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Telescopes anyone?

Old 11-30-2020, 07:50 AM
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Default Telescopes anyone?

Hey guys. The wife says she want's a telescope for looking at constellations. I'd be looking at a beginner kind of thing, since we don't know how serious she will be about this. I know you can get all kinds of fancy with this. Any recommendations for around $300 or so? Can you even get anything worthwhile for that?

Old 11-30-2020, 08:16 AM
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Get her a 4 inch or 6 inch tabletop dobsonian. Use the naked eye for constellations as they are very spread out across the sky.
Old 11-30-2020, 08:16 AM
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Originally Posted by Basketcase View Post
Hey guys. The wife says she want's a telescope for looking at constellations. I'd be looking at a beginner kind of thing, since we don't know how serious she will be about this. I know you can get all kinds of fancy with this. Any recommendations for around $300 or so? Can you even get anything worthwhile for that?
$300 might be tight for something that will get used much on constellations, truth be told in that range a good set of binoculars might make sense and get more use. I'd suggest at leas a 5 inch aperture, which means going with a newtonian reflector (refracting one would be too long). The problem with a higher powered telescope is that the earth is moving... so to really use it and enjoy it I'd suggest one with auto tracking. Of course I just blew your budget.
Old 11-30-2020, 08:19 AM
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Amazon Amazon

Something like this.
Old 11-30-2020, 08:25 AM
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Originally Posted by Basketcase View Post
Hey guys. The wife says she want's a telescope for looking at constellations. I'd be looking at a beginner kind of thing, since we don't know how serious she will be about this. I know you can get all kinds of fancy with this. Any recommendations for around $300 or so? Can you even get anything worthwhile for that?
Get her a Meade, I have the 125 and its pretty nice. You want something that is computerized with a star finder

https://amzn.to/3modNiZ

You'll also want a set of lens's

https://amzn.to/3fRnqUM
Old 11-30-2020, 09:05 AM
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Try the pawn shops. They usually sit around and will deal on them.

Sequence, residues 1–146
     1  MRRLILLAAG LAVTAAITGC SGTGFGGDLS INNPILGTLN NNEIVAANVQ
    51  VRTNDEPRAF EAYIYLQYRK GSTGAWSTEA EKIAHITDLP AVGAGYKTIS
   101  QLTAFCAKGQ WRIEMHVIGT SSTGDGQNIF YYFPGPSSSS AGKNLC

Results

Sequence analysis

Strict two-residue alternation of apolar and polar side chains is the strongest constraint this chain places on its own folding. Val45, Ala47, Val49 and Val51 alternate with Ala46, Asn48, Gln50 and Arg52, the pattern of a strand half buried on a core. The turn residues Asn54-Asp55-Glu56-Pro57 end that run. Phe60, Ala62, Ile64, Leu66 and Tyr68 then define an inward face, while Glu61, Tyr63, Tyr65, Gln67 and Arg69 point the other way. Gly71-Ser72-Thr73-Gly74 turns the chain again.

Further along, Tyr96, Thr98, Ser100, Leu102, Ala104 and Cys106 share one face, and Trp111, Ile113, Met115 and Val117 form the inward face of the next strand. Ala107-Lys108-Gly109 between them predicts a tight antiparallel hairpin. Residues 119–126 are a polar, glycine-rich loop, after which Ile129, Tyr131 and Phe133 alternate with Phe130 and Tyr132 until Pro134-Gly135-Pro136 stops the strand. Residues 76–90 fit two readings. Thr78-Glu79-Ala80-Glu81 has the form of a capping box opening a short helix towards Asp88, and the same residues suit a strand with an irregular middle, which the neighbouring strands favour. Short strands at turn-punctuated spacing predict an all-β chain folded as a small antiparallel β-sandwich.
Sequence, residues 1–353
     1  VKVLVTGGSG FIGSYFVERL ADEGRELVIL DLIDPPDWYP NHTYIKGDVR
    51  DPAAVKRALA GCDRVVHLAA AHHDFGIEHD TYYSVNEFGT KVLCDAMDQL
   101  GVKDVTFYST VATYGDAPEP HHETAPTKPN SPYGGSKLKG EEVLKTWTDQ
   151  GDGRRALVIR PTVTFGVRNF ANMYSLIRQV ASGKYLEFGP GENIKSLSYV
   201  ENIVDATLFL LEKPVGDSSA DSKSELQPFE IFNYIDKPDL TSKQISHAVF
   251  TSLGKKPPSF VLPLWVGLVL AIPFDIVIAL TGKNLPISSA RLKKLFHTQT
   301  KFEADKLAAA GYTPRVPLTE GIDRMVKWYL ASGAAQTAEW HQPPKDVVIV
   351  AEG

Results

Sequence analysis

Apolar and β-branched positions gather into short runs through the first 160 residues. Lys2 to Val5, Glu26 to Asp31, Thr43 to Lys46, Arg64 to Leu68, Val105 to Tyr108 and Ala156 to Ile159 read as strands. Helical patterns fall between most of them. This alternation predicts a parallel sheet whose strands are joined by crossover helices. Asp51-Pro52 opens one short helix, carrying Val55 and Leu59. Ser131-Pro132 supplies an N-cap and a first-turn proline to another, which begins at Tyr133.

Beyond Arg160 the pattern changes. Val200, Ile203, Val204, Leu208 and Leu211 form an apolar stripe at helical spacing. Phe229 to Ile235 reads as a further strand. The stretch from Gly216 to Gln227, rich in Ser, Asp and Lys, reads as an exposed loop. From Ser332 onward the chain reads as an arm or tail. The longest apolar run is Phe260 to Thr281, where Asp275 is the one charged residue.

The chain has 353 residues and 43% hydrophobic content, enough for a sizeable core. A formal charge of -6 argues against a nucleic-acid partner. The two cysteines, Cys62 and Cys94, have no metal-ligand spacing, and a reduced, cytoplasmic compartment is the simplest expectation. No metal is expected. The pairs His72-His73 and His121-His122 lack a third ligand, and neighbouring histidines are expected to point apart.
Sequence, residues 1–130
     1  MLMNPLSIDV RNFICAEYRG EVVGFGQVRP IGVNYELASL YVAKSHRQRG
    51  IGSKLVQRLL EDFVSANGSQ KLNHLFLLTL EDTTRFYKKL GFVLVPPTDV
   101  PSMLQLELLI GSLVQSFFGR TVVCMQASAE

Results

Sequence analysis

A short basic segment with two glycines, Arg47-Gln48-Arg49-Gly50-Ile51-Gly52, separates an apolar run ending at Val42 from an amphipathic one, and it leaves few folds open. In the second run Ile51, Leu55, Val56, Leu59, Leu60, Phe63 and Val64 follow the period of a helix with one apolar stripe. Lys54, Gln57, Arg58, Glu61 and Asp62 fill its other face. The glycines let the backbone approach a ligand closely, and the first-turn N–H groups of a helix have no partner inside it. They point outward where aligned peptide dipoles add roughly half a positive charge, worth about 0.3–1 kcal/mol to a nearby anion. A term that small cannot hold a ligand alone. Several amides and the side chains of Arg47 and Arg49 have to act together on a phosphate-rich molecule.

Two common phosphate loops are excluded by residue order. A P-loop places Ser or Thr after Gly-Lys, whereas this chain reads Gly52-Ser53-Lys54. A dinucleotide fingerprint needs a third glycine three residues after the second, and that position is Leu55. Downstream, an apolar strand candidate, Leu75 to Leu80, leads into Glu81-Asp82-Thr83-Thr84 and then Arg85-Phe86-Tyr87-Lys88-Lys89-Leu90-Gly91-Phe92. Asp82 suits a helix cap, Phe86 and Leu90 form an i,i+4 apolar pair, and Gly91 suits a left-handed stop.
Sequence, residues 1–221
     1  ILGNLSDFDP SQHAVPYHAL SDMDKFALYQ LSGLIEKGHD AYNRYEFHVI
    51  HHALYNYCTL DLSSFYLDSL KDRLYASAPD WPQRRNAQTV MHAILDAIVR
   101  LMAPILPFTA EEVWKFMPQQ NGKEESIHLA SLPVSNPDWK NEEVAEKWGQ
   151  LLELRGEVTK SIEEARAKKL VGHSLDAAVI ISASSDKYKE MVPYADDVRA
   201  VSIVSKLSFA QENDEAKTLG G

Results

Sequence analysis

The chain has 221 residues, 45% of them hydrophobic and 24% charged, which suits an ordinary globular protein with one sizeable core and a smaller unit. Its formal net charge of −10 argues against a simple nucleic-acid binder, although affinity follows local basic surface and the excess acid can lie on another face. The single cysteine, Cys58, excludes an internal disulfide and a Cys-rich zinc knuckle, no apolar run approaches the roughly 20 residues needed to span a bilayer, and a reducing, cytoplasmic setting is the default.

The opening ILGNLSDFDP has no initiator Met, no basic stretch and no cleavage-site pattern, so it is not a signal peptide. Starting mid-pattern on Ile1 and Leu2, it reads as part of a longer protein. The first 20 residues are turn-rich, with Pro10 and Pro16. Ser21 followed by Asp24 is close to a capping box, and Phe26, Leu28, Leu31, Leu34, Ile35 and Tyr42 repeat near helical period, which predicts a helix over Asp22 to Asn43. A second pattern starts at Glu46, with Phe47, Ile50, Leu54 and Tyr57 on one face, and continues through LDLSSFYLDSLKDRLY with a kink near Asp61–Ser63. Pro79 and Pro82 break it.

Old 11-30-2020, 09:31 AM
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For several years I had a Meade LX90 8" telescope with the onboard computer. We saw some amazing things during the time that I owned it. Sadly I moved back to the suburbs and light pollution ruined it's use. Sure I could still view very bright objects but distant galaxies were a thing of the past. If you live in the country and are not surrounded by a lot of light you could probably get by with a smaller scope like the ETX line. You will want the onboard tracking computer regardless of brand as it makes location and tracking objects stupid easy.
Old 11-30-2020, 10:57 AM
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First thing to do is educate yourself on the different types and sizes of telescopes. You also need to temper your expectations on what to expect from a telescope. Stay away from the cheap scopes with beautiful picutres on the box. With a telescope you'll need eyepieces. Computerized scopes are nice. A good used scope is where the value is. There is a forum I go to called Cloudy Nights www.cloudynights.com . There is alot of information on there and they have a very good classified section. For $350 you should be able to find a 6" celestron SCT thats computerized and will track what you want to see.
Old 11-30-2020, 11:18 AM
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Originally Posted by JRCasey View Post
First thing to do is educate yourself on the different types and sizes of telescopes. You also need to temper your expectations on what to expect from a telescope. Stay away from the cheap scopes with beautiful picutres on the box. With a telescope you'll need eyepieces. Computerized scopes are nice. A good used scope is where the value is. There is a forum I go to called Cloudy Nights www.cloudynights.com . There is alot of information on there and they have a very good classified section. For $350 you should be able to find a 6" celestron SCT thats computerized and will track what you want to see.
Cloudynights is as good a forum to research on as any--I recommend it highly.

I have a Celestron 6SE. With stock magnification and no additional lenses, you can easily see rings of Saturn, and Jupiter's moons. Higher magnification should show atmospheric bands on Saturn and possibly Jupiter's red spot. Mars is a little disappointing. Detail on the moon is pretty ridiculous.

I strongly recommend alignment software and a tracking system. At high magnifications, you will be amazed how quickly things will move out of your field of view.

I'd suggest a 4" kit with a tracking system for the price mentioned above. If you can figure out how to operate it, you'll see some cool stuff. Read your instructions, or at least read the instructions online before you buy, so you can get an idea what you are getting into. Be ready for the instructions to be a little geeky or "jargony", and expect to have a learning curve.
Old 11-30-2020, 11:41 AM
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Some good advice above. Can't agree on cloudynights.com more. Excellent resource.